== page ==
We were wobbly with pleasure after 48 hours at Château La Thuilière. Slack-jawed and wobbly. Little tears, little soft tears of joy leaked out, as curly-mopped Patch the spaniel emerged onto the landing to bid us farewell in his own regal, poochy manner. Beautiful Eduard placed our receipt in a discreetly branded envelope of impeccable paper stock, along with two exquisite buttons of semi-sweet chocolate. Warm, kind Eduard. Jordi, he informed us, passed on his best wishes, but had gone to the market in Mussidan to pick up the ingredients of that evening’s five courser. Of course Jordi had. Lovely, twinkly Jordi, whose garden pea cappuccino with goats’ cheese foam had induced uncontrollable, goofy sighs of delight. It’s fair to say we were a little emotional as we left. No, not that kind of ‘emotional’ – not that. Although our honesty bar bill revealed that we had indeed been very, very honest over the course of our stay. No, it wasn’t that. We were just extremely relaxed. And now perhaps a little distraught. Now in the car, holding hands in silence, each of us staring ahead, slowly sucking our complimentary chocolates in silent, mournful dissolve.
‘You are two people? You have little luggage? You would like a... fun car?’ said the hire clerk at the airport, with a little wink and an arch of the eyebrow. Filthy. Course we did. As we fun-carred through the gates in our convertible, the sight of Château La Thuilière brought us to a halt. A long, white gravel driveway snaked under huge pines, past a sunken swimming pool and an ancient glasshouse full of tomato plants. At the summit of the gently sloping parkland approach stood the Château itself, a grand 19th-century objet d’amour over four stories, built as a wedding gift by a local marquis for his beloved. In the cool, dark wood-panelled reception hall, Jordi, Eduard and Patch greeted us from behind a beautiful old antique bureau. Patch and Eduard gave us a tour of the ground floor: the elegant billiard room; the tapis-walled dining room with its magnificent, long communal dining table; the lounge and music room, piled high with books on design, art and our hosts’ homeland of Catalonia. The local legend of Saint Front – a daring apostle who, legend has it, killed the pesky village dragon – had certainly inspired the marquis. Eduard pointed out dragons carved into various panels and on the ends of the bannister. The old boy had also commissioned a suitably fabulous stained-glass portrait of himself back in the day, done up in full knight’s armour, the cheeky devil.
With the shutters and windows open in our large, airy suite, voices drifted up from the balcony below – guests returned from the pool, freshening up for dinner. Another two guests had plonked themselves in hammocks, highballs poking out above the canvas. Strutting out from beneath them came Frank, a gallus, flamboyantly trousered cockerel, performing his daily pre-prandial inspection. Eduard came over to smile at us (and possibly just at life itself), before softly reading that evening’s menu.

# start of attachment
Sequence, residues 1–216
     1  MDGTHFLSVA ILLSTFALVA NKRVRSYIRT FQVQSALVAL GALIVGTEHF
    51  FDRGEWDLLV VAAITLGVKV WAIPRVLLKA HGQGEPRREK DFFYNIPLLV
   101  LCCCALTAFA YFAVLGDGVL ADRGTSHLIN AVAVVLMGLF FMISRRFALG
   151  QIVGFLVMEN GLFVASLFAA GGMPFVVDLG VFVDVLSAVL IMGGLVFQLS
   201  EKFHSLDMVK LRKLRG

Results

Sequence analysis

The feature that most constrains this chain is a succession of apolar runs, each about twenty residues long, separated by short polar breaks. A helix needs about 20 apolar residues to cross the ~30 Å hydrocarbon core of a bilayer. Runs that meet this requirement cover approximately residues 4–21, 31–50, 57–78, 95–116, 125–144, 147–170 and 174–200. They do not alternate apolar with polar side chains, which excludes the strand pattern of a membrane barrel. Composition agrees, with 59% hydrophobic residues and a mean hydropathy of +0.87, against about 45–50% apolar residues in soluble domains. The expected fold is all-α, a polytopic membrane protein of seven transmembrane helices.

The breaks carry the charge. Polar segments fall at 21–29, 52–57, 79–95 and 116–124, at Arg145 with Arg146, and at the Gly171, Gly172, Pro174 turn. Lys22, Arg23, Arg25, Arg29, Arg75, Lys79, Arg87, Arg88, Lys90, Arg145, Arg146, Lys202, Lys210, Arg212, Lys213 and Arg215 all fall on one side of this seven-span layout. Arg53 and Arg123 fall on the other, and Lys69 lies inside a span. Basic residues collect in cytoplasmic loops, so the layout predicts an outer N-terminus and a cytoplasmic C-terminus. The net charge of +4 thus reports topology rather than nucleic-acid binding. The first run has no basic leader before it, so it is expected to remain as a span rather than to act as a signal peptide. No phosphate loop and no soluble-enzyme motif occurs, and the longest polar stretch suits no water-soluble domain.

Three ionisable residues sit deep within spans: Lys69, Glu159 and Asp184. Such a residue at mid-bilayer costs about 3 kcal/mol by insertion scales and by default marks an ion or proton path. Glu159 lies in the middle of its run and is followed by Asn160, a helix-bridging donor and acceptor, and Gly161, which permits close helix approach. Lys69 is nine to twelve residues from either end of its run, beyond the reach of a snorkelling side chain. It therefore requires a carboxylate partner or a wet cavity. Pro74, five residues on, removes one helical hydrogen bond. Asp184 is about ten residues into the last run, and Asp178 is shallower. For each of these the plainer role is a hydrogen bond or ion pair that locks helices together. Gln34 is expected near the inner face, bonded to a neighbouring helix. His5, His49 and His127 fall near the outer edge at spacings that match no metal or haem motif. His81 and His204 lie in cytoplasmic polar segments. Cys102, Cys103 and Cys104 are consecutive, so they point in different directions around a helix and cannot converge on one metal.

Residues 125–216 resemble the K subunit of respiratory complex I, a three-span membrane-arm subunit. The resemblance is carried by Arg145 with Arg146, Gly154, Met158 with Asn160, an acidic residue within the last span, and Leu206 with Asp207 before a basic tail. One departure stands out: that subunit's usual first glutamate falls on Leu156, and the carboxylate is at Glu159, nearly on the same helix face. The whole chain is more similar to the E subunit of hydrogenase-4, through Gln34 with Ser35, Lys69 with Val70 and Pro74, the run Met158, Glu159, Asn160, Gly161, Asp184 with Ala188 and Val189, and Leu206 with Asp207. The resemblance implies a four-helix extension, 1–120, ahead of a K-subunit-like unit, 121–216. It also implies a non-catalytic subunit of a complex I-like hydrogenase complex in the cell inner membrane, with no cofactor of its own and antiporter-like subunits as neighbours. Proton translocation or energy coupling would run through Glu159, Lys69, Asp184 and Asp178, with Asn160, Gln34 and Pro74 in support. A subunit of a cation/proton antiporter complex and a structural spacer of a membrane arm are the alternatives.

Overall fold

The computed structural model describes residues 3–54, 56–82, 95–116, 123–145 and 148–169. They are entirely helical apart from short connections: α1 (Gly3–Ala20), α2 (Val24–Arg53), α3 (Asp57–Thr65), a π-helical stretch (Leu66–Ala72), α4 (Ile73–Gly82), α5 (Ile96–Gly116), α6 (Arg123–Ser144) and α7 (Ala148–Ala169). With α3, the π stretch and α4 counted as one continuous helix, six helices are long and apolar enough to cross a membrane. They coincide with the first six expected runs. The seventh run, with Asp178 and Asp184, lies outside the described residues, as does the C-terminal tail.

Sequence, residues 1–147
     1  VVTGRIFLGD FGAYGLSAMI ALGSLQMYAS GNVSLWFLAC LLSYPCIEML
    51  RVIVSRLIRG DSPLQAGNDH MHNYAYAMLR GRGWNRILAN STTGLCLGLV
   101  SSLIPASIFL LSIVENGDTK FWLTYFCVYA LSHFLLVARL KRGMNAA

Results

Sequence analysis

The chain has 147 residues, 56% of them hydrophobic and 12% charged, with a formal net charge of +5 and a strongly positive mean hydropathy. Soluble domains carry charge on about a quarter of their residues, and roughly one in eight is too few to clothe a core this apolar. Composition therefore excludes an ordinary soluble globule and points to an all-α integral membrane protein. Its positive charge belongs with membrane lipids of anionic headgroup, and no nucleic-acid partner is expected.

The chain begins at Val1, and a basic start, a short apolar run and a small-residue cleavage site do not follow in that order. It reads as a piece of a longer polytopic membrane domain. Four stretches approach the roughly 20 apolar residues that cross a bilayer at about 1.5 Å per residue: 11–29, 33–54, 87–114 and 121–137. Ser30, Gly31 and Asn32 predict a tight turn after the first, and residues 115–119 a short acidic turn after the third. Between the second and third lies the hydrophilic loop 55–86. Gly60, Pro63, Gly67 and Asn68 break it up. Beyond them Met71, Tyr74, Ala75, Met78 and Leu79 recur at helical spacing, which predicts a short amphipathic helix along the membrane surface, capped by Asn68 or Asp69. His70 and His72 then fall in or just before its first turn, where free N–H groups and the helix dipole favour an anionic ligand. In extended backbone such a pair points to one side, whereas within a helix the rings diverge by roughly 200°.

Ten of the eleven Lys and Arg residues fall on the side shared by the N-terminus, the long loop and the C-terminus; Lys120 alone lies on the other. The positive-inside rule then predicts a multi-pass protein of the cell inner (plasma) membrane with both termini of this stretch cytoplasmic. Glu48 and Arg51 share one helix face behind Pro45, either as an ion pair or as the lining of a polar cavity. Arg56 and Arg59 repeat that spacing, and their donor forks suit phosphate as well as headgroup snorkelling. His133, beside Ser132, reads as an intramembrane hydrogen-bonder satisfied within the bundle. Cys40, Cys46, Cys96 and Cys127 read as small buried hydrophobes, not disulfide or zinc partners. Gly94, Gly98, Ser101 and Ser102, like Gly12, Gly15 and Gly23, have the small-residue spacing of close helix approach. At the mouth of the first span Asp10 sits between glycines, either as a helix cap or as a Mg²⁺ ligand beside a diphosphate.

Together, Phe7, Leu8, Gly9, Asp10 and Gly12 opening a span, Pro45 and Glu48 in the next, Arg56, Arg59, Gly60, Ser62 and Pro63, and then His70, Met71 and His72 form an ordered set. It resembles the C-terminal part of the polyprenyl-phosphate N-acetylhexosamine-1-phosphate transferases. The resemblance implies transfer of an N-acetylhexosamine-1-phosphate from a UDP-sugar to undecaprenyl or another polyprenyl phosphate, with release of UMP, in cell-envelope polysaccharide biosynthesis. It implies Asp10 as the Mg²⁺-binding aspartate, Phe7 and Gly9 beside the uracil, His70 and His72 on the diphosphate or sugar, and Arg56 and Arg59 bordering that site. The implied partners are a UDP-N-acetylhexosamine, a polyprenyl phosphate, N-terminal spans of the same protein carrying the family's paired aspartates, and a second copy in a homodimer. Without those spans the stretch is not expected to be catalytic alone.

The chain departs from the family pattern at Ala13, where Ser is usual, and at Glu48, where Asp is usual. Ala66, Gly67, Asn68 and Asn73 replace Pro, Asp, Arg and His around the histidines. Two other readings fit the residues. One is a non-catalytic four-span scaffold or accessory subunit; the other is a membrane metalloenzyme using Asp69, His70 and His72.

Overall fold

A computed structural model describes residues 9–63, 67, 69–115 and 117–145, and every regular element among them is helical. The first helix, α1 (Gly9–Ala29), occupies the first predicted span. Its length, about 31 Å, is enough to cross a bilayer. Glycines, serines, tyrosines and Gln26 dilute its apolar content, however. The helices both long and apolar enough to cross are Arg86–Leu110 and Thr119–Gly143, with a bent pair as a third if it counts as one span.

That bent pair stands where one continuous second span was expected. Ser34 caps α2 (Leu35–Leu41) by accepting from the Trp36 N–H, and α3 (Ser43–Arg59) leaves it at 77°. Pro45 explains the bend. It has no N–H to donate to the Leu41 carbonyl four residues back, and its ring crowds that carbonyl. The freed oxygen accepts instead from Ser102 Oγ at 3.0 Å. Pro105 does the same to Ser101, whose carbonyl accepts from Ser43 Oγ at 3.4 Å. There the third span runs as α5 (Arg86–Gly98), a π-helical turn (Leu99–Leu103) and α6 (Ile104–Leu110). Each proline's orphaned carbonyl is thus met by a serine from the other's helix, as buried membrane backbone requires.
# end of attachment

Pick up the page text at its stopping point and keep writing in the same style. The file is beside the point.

Oh, there was a rich potatoey parmentier with a soft-poached golden yolk (apparently delivered by one of Frank’s concubines earlier that morning); an insanely succulent, singsonging piece of red-peppercorn-infused cod, cooked sous vide (posh boil-in-the-bag). There was a splendid bottle of something from nearby Bergerac to accompany. Jordi appeared at our table in his immaculate chef’s whites, suddenly, wide-eyed and Wonka-like, to gleefully introduce that evening’s cheeses, the names of the local producers and a few tasting tips. There was dessert, and that was, well, whatever – by that point we had melted into our blankets in a kind of blissful fugue state. Torches and candles had been lit around us and coffee and digestifs would shortly be served in the lounge.
Dinner is normally served at the communal dining room table but, for the two nights we were there, was served at separate tables in the garden. Yet there was ample opportunity to get to know our fellow guests, each night after dinner, as we sprawled across beautifully curated pieces of furniture, replete and knowing. In the course of our stay we got to know, among others, a German architect, a Brazilian food scientist, an English antique collector and a Belgian philosophy professor. Clever old us. That said, both days, apart from during cocktail hour, after dinner, or at the communal breakfast table, we really didn’t see much of anyone. With just seven rooms and such brilliantly discreet – but completely attentive – service, you feel as though you’ve been invited to stay at the home of a wonderfully sophisticated, thoughtful and generous friend.
We made a couple of modest excursions, purely out of a sense of duty. We walked from the Château grounds through fields of sunflowers to a nearby ninth-century church, the key to which Jordi kept in a secret drawer. We drove into town and popped into Super U – who can resist a French supermarket? We bought flan and carottes râpées and pastis and tins of French diluting juice. There were speakers in the car park trolley bays. Speakers, blaring out funk. So we danced.
Back at the gaff, it was time for Tanqueray. And Frank. And Patch. And Eduard with the menu. And Armagnac and cigarettes and music and chat and bed again. And after an, er, light breakfast of coffee, croissants, organic yoghurt with homemade apricot compote, local cheeses and saucisson, home-baked bread and white chocolate cake, it was time to say goodbye.
And we sat in our fun car for a long time under the trees, holding hands. Devising a wedding. And a car park reception.